New Guidelines for Treatment of Acute Ischemic Stroke
The American Heart Association/American Stroke Association has released new guidelines for the early management of acute ischemic stroke. The guidelines continue to endorse the use of intravenous tissue-type plasminogen activator (tPA) but note that other modalities such as intra-arterial tPA show promise. For the first time, the authors have included recommendations for palliative care.
"Our goal was to focus on the first few hours after stroke onset where we think time is so critical," Harold P. Adams Jr., MD, from the University of Iowa Stroke Center in Iowa City, chair of the guidelines writing committee, told Medscape. "The audience is primarily physicians, but we've also included information for general emergency medical services, and some things for the public as well, focusing on the idea that from the first symptom, time is brain, and everything we can do to expedite the process to hopefully treat the patients and reduce the likelihood of an unfavorable outcome is crucial," he said.
The guidelines were published in the April 12 Stroke ASAP issue and will appear in the May print issue of Stroke.
"Time Is Brain"
The new guidelines were extensively revised since 2003. Members of the panel were appointed by the American Heart Association Stroke Council's Scientific Statement Oversight Committee and represented different areas of expertise, including imaging and interventional experts.
"Management of patients with acute ischemic stroke remains multifaceted and includes several aspects of care that have not been tested in clinical trials," the authors write. Recommendations have been made using an evidence-grading algorithm.
The panel considered aspects of care beginning in the prehospital setting, Dr. Adams said, including recommendations for more public education about the symptoms of stroke, and recommendations about how emergency medical services should interface with hospitals. For example, they recommend that patients should be taken to hospitals with facilities for emergency stroke care, even if this means bypassing closer hospitals. To this end, the authors recommend that more medical centers should consider seeking certification as primary or comprehensive stroke centers from the Joint Commission on Accreditation of Healthcare Organizations.
The "Engine for Emergency Stroke Care"
Intravenous tPA is still recommended as the key treatment of stroke, Dr. Adams noted, "and remains the engine for emergency stroke care." However, the guidelines discuss the use of intra-arterial tPA, he said, "which is becoming an important alternative for patients who cannot receive IV [intravenous] tPA."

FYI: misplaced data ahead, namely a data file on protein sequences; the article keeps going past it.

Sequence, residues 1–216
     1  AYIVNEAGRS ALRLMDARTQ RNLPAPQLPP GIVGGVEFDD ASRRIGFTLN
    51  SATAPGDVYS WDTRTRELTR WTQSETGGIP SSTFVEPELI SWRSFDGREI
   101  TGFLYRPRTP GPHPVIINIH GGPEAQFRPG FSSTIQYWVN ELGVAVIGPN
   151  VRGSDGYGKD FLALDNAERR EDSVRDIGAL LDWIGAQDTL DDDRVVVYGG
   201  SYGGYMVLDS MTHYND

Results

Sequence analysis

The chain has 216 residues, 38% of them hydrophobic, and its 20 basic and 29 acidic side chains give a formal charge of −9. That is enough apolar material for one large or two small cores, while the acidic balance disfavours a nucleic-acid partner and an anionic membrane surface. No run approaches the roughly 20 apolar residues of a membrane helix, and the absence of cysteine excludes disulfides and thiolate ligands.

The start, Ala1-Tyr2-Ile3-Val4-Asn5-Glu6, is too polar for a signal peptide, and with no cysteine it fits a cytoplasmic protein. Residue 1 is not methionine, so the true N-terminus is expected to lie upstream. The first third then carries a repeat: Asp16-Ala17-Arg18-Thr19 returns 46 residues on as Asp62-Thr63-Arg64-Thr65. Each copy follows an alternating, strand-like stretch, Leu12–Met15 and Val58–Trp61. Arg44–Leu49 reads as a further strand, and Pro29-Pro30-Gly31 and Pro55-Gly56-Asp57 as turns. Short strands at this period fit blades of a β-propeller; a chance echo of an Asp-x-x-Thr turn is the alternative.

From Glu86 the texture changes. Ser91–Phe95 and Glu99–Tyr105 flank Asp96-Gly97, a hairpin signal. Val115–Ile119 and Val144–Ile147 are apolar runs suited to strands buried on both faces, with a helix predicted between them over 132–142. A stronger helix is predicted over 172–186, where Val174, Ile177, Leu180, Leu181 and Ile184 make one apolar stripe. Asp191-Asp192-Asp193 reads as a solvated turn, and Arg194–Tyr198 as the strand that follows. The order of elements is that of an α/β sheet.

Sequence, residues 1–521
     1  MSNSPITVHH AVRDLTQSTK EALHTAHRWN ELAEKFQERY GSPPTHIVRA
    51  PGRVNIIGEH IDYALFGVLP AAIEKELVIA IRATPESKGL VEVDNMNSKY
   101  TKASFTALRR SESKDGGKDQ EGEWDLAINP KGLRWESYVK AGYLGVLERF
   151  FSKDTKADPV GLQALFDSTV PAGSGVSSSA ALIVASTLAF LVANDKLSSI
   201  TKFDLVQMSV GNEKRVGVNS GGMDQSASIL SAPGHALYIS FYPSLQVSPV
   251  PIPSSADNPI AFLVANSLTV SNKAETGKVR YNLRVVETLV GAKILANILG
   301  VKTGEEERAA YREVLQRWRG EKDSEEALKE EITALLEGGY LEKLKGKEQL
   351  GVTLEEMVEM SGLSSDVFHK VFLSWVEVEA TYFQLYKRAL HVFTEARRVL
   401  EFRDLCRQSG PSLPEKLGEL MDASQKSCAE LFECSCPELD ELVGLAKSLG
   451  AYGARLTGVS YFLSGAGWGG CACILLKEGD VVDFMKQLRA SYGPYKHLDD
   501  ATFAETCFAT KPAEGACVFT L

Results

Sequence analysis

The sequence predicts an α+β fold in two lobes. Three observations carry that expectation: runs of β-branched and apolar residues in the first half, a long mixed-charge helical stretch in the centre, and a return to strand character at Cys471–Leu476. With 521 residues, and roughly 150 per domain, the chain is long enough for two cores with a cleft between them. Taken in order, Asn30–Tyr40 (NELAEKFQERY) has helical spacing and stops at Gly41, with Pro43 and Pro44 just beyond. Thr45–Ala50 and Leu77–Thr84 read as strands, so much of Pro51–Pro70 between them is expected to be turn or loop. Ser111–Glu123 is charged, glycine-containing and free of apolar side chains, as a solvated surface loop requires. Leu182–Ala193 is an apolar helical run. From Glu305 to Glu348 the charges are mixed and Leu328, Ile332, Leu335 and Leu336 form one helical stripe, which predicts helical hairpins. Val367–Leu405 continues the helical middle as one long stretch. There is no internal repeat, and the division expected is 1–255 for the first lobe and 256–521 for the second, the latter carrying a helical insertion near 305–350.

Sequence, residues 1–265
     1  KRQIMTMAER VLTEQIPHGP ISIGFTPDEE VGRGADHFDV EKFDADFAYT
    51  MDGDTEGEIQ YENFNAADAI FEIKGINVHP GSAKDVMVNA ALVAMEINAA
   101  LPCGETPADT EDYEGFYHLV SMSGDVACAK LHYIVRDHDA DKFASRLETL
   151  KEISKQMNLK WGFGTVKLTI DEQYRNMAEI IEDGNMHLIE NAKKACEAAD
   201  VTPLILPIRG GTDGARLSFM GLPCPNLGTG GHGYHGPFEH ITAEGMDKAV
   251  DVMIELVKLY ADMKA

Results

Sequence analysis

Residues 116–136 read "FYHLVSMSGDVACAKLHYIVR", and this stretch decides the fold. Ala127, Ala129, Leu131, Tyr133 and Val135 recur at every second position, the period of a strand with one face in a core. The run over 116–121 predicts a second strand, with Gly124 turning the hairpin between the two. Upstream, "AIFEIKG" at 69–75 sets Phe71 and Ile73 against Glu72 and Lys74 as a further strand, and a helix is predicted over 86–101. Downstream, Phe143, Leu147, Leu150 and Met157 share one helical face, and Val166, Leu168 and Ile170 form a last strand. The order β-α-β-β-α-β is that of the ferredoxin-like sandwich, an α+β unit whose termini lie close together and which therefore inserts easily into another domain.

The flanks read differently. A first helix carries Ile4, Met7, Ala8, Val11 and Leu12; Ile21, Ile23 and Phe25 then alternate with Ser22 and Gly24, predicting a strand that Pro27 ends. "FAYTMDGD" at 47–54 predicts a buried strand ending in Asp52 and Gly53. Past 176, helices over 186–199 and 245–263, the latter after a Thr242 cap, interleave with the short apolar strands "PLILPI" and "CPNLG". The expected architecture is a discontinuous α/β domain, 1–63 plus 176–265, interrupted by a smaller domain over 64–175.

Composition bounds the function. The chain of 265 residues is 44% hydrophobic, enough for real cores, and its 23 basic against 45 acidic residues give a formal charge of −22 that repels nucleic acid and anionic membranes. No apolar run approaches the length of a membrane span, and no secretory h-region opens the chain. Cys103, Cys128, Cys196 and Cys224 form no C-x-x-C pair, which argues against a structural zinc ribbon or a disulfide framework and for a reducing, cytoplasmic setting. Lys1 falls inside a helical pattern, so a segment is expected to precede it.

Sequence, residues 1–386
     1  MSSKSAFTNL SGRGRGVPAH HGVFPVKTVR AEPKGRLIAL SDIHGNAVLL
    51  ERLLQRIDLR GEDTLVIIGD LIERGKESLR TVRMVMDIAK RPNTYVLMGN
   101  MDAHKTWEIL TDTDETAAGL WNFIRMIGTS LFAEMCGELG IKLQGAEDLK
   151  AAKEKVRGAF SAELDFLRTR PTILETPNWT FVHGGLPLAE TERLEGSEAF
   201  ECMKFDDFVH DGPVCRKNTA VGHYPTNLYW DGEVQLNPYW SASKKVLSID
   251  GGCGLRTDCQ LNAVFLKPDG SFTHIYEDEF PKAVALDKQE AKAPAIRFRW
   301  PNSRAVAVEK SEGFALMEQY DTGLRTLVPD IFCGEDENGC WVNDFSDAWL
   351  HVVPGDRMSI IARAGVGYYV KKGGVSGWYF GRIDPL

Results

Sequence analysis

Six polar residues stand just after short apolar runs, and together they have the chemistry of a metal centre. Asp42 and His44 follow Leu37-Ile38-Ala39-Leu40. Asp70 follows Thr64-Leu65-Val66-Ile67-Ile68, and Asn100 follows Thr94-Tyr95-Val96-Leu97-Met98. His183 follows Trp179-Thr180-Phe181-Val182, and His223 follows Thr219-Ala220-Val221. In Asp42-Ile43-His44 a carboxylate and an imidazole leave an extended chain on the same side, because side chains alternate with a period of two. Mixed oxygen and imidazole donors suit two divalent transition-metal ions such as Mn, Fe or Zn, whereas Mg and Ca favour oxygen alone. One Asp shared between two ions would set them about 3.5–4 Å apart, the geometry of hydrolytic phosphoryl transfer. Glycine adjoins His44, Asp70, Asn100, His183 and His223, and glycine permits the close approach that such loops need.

The guidelines also discuss the use of mechanical devices such as the Mechanical Embolus Removal in Cerebral Embolism (MERCI) retriever that has been approved for clot removal in the setting of stroke. "We emphasize that this is approved by the FDA [Food and Drug Administration] but we also suggest that there needs to be more evidence to show these sorts of interventions help to improve outcomes," Dr. Adams commented. There has been some controversy that devices are held to a lower standard in this regard compared with drugs, where it must be shown that they not only recanalize a vessel but also result in an improved clinical outcome.
In terms of imaging, there is expanded discussion of magnetic resonance imaging (MRI) for the assessment of acute stroke. "While CT [computed tomography] remains the preferred diagnostic study because it can be done quickly and is more readily available, we also recognize there are advantages from MRI as well, and those are mentioned," Dr. Adams noted.
There also is discussion of general emergent treatment, including a recommendation for aggressive management of hyperglycemia, although this is, "I must admit, based on no definitive data," Dr. Adams added. Other areas of acute treatment such as blood pressure management are still "fertile areas for research," although some recommendations are made.
Finally, for the first time, the authors include discussion of palliative care for patients who have had acute stroke. "For those patients who have such horrendous brain injuries from stroke, who we may not be able to successfully treat, there are options that physicians and families may need to consider in that very difficult situation," Dr. Adams said.
The guidelines note that the American Academy of Neurology "affirms the value" of the document as an educational tool for neurologists.
Dr. Adams has disclosed receiving research grants from Boehringer Ingelheim, Centocor (Johnson & Johnson), Eli Lilly, Merck, NMT Medical, Sanofi, Bristol-Myers Squibb, and GlaxoSmithKline, among other disclosures. Disclosure information for the other coauthors appears in the original article. News Author: Susan Jeffreyelease Date: April 19, 2007 CME Author: Charles Vega, MD, FAAFP Release Date: April 19, 2007